Explore a real-world example of this strategy and its effects. Explore a case study where success—and survival—required letting go of products and approaches that were once an ingrained part of the corporate fabric.
- I want to give you an example of the prune-to-gro concept by telling you about a company called Nabob Foods Limited, a packaged foods company with a wide portfolio of grocery products. Some years ago, they were facing tremendous challenges. Costs were outpacing profits. Market share was down and bankruptcy was looming on the horizon. The owner saw the writing the wall. So, as a last ditch effort, they hired a promising young executive named John Bell as VP of marketing. Bell would have to make some tough decisions about the company's 12 different product lines if he wanted to help the organization survive. His strategy was to pour all the company's investment and energy into the products that really mattered and let go of the others. He believed that offered the best chance for a turnaround. Right off the bat, he led Nabob to dissolve eight of its 12 products. Needless to say, this was a controversial move. Some of these brands had a long history and a loyal consumer following. Two more followed shortly after that. And suddenly, the general grocer emerged as a specialist in coffee and to some extent tea. The choice had immediate consequences. The company's portfolio value dropped from $70 million to $40 million. One plant closed, more than 300 jobs were eliminated. But of course, the alternative was much worse. Moving forward, Nabob pursued the coffee business with a laser light focus. The company retrained its employees as coffee specialists. It developed an innovative vacuum sealed packaging process that was the first of its kind in the industry. And it launched a dynamic advertising campaign that helped it compete with industry giants Craft and Nestle. Within two years, Nabob had captured an astounding 25% of the Canadian coffee market. Bell eventually became the CEO and the organization's profits soared. In fact, the brand became so valuable that it was later purchased by Craft. With Bell's guidance, the executives at Nabob had to make a radical counterintuitive move. They consciously chose to let go of the products that were draining the company and concentrate on the ones with the greatest potential for success. Without that strategic change, the organization would have likely closed its doors. The same thing happens when individual leaders are facing complex challenges. Letting go is rarely the first inclination, but the constant and cumulative pressure to compete by always adding more has its limits and its consequences. Can you think of a time when you hung on too tight to a project or initiative all while amassing more work? What was the impact for you and for your team? How might you use the prune-to-gro strategy so that you can work less or in a different way to achieve more? Recognize the powerful benefits of letting go. Sometimes that applies to repetitive habits and behaviors. And other times it applies to major products, processes and large scale initiatives that you've likely championed. It's not easy to make this kind of counterintuitive move. But having the courage to defy conventional logic could be exactly the solution you need to achieve success on a much grander scale.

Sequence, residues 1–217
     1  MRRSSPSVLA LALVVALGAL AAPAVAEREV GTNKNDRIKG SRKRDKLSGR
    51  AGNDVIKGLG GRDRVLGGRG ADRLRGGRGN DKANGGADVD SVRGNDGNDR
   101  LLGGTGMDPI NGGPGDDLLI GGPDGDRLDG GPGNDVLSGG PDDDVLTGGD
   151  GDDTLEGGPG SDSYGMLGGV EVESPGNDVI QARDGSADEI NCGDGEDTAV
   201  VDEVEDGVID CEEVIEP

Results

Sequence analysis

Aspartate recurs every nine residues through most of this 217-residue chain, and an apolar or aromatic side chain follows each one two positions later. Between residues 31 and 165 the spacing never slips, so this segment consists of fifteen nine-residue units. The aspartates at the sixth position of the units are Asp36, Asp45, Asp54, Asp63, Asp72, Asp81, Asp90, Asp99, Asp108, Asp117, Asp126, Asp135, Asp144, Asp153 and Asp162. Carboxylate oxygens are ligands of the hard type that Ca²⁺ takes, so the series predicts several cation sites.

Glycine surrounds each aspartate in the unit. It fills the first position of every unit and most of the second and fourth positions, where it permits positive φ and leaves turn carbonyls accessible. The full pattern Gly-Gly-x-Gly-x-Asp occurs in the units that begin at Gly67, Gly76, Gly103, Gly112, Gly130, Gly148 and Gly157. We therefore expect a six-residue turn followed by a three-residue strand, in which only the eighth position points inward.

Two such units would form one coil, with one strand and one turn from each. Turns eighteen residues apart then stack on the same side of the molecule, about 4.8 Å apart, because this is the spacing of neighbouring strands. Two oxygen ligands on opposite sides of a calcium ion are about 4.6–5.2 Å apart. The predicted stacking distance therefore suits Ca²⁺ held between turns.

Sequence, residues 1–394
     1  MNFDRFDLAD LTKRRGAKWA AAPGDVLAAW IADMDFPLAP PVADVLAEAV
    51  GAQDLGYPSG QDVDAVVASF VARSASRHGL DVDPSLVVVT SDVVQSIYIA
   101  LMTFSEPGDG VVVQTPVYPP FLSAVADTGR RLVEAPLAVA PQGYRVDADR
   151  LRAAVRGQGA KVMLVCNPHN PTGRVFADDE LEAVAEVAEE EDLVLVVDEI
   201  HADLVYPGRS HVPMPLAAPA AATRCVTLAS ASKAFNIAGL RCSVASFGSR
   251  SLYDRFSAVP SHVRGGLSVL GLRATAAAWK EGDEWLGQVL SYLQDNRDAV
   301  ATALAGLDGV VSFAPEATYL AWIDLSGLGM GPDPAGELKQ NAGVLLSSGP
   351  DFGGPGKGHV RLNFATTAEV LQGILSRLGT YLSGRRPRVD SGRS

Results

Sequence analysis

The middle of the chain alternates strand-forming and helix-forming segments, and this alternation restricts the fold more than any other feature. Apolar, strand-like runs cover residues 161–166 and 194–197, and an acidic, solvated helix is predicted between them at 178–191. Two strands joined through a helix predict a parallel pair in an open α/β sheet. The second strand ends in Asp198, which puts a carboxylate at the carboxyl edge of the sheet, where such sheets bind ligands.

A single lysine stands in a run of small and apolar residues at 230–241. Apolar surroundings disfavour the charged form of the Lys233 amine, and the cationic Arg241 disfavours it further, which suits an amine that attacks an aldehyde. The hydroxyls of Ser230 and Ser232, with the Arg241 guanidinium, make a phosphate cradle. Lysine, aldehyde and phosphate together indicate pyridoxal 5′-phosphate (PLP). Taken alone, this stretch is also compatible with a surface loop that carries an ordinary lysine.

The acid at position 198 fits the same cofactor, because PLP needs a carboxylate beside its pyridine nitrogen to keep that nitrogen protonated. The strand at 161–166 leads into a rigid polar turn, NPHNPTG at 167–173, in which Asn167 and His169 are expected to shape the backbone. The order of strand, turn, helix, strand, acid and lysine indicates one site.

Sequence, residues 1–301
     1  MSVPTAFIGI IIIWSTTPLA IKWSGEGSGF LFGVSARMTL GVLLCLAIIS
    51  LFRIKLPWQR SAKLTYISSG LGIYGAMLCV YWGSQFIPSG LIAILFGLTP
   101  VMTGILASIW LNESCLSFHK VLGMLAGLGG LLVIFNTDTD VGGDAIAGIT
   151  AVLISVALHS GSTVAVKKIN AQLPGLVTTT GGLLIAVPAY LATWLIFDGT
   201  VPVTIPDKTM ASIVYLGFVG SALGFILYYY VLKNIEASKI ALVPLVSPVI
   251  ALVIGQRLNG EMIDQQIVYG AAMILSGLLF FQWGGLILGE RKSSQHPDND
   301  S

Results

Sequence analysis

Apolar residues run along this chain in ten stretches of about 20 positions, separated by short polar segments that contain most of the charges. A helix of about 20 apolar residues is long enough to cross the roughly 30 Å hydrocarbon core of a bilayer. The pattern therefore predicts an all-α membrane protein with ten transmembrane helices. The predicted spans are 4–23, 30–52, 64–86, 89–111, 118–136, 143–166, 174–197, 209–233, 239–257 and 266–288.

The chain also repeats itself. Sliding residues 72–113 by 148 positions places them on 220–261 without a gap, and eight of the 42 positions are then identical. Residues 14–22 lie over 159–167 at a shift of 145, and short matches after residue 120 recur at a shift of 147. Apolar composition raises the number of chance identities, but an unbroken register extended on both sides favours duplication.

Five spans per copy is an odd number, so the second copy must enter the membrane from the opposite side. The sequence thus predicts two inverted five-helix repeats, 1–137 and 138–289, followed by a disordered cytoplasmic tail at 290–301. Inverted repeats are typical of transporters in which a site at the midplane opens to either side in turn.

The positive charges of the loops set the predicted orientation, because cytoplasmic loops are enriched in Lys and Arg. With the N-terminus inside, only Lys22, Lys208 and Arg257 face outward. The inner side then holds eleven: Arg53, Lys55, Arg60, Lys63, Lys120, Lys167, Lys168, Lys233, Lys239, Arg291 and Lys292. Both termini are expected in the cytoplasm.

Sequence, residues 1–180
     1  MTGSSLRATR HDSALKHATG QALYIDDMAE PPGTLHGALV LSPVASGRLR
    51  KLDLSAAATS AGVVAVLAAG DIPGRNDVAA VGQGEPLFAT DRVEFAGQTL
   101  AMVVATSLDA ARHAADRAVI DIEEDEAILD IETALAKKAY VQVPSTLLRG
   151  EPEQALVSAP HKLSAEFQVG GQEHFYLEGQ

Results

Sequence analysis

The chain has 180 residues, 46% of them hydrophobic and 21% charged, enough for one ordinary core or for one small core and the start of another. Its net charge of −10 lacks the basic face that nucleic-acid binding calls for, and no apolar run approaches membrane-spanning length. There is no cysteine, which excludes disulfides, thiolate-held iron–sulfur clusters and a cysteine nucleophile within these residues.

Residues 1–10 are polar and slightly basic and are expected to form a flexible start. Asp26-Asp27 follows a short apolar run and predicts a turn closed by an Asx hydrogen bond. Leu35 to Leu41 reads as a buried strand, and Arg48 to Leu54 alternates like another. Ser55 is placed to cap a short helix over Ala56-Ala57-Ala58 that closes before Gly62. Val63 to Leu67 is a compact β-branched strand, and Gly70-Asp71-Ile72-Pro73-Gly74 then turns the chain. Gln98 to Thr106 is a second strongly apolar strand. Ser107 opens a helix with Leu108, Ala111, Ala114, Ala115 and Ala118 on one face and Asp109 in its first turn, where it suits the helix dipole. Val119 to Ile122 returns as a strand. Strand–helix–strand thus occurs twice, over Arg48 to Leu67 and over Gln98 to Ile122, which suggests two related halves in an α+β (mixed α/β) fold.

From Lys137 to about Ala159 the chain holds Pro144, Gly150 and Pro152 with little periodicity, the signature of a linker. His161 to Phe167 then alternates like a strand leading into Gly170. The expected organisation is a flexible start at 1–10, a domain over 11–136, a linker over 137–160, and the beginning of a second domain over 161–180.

- Adopting the strategic pause
- Disrupting your thinking
- Balancing hard data with soft intelligence
- Reevaluating your to-do list
- Communicating to influence and engage
- Approaching challenges as a novice
- Blazing new trails
- Conquering the chaos
- Enduring leadership attributes